11.2 CALCULATING RISK

Two main approaches are used for calculating VaR and ETL [2].

First, there is historical simulation, a non-parametric approach that

employs historical data. Consider a sample of 100 P/L values as a

simple example for calculating VaR and ETL. Let us choose the

confidence level of 95%. Then VaR is the sixth smallest number in

the sample while ETL is the average of the five smallest numbers

within the sample. In the general case of N observations, VaR at the

confidence level a is the [N(1 a) þ 1] lowest observation and ETL is

the average of N(1 a) smallest observations.

The well-known problem with the historical simulation is handling

of old data. First, ‘‘too old’’ data may lose their relevance. Therefore,

moving data windows (i.e., fixed number of observations prior to

every new period) are often used. Another subject of concern is

outliers. Different data weighting schemes are used to address this

problem. In a simple approach, the historical data X(t k) are multi-

plied by the factor l

k

where 0 < l < 1. Another interesting idea is

weighting the historical data with their volatility [4]. Namely, the asset

returns R(t) at time t used in forecasting VaR for time T are scaled

with the volatility ratio

R

0

(t) ¼ R(t)s(T)=s(t) (11:2:1)

where s(t) is the historical forecast of the asset volatility.

3

As a result,

the actual return at day t is increased if the volatility forecast at day T

is higher than that of day t, and vice versa. The scaled forecasts R

0

(t)

are further used in calculating VaR in the same way as the forecasts

R(t) are used in equal-weight historical simulation. Other more so-

phisticated non-parametric techniques are discussed in [2] and refer-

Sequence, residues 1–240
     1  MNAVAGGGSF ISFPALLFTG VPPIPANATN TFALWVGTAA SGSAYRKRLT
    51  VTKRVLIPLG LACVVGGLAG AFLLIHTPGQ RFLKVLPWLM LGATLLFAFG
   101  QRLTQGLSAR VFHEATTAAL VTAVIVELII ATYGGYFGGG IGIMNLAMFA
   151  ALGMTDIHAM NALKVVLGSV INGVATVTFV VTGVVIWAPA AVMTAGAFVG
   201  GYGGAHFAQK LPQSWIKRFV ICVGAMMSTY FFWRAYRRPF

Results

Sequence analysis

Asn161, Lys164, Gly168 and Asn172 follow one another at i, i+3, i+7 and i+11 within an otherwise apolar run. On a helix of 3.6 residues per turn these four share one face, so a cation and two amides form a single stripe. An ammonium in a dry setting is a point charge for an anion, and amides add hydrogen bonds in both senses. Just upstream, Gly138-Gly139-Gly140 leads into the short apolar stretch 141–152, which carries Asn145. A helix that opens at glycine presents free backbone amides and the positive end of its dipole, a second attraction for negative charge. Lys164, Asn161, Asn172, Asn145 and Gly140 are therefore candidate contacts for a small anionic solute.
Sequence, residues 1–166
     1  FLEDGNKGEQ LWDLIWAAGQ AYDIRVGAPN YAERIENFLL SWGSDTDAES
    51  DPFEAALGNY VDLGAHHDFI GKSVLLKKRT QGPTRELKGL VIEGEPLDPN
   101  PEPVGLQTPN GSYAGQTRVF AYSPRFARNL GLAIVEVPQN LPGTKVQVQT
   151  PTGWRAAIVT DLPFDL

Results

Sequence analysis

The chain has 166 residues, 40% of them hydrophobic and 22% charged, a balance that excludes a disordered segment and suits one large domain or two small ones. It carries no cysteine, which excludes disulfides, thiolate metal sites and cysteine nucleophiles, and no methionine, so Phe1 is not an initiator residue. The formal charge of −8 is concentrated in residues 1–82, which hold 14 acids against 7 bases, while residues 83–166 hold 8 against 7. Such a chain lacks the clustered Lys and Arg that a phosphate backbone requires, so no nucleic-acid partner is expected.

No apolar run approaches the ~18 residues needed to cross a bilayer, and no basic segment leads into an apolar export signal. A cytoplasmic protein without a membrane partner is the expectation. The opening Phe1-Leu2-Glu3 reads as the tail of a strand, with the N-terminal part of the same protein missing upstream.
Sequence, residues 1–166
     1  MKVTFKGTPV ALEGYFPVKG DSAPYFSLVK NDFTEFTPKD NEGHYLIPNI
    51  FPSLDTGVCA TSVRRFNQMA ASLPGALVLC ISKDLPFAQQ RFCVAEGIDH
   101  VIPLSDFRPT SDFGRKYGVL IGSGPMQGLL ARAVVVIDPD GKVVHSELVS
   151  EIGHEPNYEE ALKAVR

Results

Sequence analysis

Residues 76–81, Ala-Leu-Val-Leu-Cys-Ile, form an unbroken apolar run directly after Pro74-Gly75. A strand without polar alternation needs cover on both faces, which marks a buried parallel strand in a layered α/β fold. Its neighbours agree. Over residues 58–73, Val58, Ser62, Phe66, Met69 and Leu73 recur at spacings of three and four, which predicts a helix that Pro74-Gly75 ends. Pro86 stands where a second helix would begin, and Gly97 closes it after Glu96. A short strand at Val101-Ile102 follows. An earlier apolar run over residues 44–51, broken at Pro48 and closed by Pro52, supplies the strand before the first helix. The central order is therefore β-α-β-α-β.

ences therein.

An obvious advantage of the non-parametric approaches is their

relative conceptual and implementation simplicity. The main disad-

vantage of the non-parametric approaches is their absolute depend-

ence on the historical data: Collecting and filtering empirical data

always comes at a price.

The parametric approach is a plausible alternative to historical

simulation. This approach is based on fitting the P/L probability

distribution to some analytic function. The (log)normal, Student

Market Risk Measurement 125

and extreme value distributions are commonly used in modeling P/L

[2, 5]. The parametric approach is easy to implement since the analytic

expressions can often be used. In particular, the assumption of the

normal distribution reduces calculating VaR to (11.1.2). Also, VaR

for time interval T can be easily expressed via VaR for unit time (e.g.,

via daily VaR (DVaR) providing T is the number of days)

VaR(T) ¼ DVaR

ﬃﬃﬃﬃ

T

p

(11:2:2)

VaR for a portfolio of N assets is calculated using the variance of the

multivariate normal distribution

s

N

2

¼

X

N

i

, j¼1

s

ij

(11:2:3)

If the P/L distribution is normal, ETL can also be calculated analyt-

ically

ETL(a) ¼ sP

SN

(Z

a

)=(1 a) m (11:2:4)

The value z

a

in (11.2.4) is determined with (11.1.3). Obviously, the

parametric approach is as good and accurate as the choice of the

analytic probability distribution.

Calculating VaR has become a part of the regulatory environment

in the financial industry [6]. As a result, several methodologies have

been developed for testing the accuracy of VaR models. The most

widely used method is the Kupiec test. This test is based on the

assumption that if the VaR(a) model is accurate, the number of the

tail losses n in a sample N is determined with the binomial distribu-

tion

P

B

(n; N, 1 a) ¼

N!

n!(N n)!

(1 a)

n

a

(Nn)

(11:2:5)

The null hypothesis is that n/N equals 1 a, which can be tested with

the relevant likelihood ratio statistic. The Kupiec test has clear mean-

ing but may be inaccurate for not very large data samples. Other

approaches for testing the VaR models are described in [2, 6] and

references therein.

126 Market Risk Measurement

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